The Winter's Night Sky
Orion is important to skiers for it heralds the beginning
of winter. In the snow country of the United States and
Canada, Orion is not visible in October. But in November, in
the early evening hours, it rises above the eastern horizon.
When we first catch of glimpse of Orion in evening, we
know that winter is on its way.
By December, Orion is in mid-sky, marching nobly to the
Southeast. By January, it is high in the southern sky. By
March, in the waning days of winter, it is moving to the
west horizon or, in Tennyson’s words, “Great Orion sloping
slowly to the west.”
Various stories have come down to us about Orion, but
he is usually described as a hunter or warrior, the son
of the sea god, Poseidon. He had the ability to walk on
water. In one version of his story, he was stung to death
by a scorpion for his cockiness and boastfulness. Artemis,
one of the daughters of Zeus, was his lover and hunting
companion. After his death, she had him placed in the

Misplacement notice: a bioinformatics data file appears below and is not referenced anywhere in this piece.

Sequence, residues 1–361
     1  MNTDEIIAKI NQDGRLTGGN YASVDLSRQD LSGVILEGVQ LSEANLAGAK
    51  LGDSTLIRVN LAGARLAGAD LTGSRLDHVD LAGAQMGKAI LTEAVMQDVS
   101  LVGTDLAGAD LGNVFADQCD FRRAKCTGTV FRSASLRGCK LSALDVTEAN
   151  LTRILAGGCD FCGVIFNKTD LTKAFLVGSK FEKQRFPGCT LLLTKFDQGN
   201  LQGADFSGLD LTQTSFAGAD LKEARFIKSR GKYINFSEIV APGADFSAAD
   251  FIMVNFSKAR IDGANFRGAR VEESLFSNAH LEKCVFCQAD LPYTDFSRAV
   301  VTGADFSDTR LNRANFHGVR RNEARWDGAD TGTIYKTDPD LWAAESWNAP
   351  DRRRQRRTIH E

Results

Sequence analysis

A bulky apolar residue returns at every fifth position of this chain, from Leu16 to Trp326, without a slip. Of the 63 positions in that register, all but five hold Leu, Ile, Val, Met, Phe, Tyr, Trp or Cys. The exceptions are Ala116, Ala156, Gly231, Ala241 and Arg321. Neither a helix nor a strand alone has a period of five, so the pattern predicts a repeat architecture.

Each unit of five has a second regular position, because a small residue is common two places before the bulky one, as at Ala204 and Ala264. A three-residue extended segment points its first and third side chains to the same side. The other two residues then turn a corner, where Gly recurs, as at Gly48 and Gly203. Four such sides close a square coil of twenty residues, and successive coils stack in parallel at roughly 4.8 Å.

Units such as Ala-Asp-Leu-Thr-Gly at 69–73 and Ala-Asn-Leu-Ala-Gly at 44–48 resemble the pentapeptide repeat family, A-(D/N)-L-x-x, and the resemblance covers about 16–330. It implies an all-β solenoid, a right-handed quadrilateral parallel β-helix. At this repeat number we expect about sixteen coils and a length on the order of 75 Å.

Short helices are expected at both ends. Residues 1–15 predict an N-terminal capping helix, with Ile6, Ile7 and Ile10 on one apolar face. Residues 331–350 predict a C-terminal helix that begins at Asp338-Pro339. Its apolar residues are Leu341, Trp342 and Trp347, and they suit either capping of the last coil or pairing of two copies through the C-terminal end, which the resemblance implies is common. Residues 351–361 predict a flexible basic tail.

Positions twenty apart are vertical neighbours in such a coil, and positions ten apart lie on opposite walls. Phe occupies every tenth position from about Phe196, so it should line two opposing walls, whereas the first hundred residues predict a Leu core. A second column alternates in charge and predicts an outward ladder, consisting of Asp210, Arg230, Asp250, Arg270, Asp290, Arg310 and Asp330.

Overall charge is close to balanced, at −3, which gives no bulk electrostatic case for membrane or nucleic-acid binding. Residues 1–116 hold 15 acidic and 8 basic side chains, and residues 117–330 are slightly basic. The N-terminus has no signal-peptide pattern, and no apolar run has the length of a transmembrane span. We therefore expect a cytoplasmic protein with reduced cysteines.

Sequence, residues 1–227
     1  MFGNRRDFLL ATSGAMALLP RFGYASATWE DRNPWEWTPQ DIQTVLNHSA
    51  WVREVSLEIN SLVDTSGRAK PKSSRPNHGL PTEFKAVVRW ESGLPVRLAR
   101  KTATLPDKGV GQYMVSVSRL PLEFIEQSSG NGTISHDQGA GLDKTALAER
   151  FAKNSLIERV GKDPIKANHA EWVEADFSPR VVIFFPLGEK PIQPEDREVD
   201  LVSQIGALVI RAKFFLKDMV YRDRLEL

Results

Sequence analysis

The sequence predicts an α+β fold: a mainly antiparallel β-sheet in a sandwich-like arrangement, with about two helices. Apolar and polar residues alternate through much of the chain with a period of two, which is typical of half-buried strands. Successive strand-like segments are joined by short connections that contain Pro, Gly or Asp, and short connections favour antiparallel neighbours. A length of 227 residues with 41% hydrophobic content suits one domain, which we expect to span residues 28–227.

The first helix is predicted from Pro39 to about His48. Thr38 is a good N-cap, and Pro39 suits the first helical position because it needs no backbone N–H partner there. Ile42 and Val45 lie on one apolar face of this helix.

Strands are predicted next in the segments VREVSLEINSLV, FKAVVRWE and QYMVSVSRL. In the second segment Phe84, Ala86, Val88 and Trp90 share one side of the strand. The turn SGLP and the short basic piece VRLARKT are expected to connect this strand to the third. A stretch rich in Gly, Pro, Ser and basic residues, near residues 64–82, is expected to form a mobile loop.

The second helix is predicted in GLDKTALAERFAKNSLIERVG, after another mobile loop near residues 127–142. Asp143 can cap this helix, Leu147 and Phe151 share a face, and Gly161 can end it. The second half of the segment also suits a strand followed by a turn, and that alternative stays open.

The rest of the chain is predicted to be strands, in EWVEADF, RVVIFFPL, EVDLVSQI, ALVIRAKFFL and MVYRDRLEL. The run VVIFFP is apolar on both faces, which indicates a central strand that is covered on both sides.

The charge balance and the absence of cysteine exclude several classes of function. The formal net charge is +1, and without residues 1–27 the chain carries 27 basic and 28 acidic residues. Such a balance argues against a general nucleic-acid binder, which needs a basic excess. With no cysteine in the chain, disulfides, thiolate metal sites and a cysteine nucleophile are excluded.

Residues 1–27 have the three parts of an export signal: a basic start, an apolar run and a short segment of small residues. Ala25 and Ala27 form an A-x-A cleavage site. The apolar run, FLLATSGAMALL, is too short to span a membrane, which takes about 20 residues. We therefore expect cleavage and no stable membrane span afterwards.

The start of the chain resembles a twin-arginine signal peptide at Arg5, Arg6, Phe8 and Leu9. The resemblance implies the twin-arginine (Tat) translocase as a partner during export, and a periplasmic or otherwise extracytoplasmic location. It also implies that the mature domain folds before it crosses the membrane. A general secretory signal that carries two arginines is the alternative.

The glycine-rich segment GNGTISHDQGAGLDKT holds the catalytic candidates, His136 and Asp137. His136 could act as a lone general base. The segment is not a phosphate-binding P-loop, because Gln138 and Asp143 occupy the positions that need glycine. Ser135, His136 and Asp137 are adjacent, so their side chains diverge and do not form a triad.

sky so that he sets in the west as Scorpius, Orion’s slayer(and a constellation of the summer),
appears in the east.
Orion is accompanied in the sky
by his two loyal dogs: Canis Major
(the Great Dog) and Canis Minor
(the Lesser Dog). Canis Major is
easy to find in January and February
because it contains the brightest
star of the night sky. To find it, face
directly toward Orion’s belt of three
stars. Connect the three stars with aline and extend it toward the lower
left (toward the horizon). The line
points directly to Sirius.
It takes some imagination to get a
dog out of the combination of stars in
this area. Think of the star Sirius as
an enormous diamond in the Great
Dog’s collar, and from there you can
make out something of a short front
leg, a hind leg and a tail.
You can also use Orion to find
other adjacent constellations such
as Taurus (the Bull) and Gemini
(the Twins). For example, following
the three stars of his belt to the
right (upward in the sky) points to
the brightest star in Taurus. You’ll
see how this works and how to find
other constellations by looking at the following chart.
I was in a perfect location that night
to observe Orion and his companion constellations. A good portion of the
race course that I had been grooming
went across a farmer’s wheat field. It
was in a rural area with only a few
scattered farms and, from where Iwas situated on a rise in the middle
of the field, my view was unhampered
by light of any kind.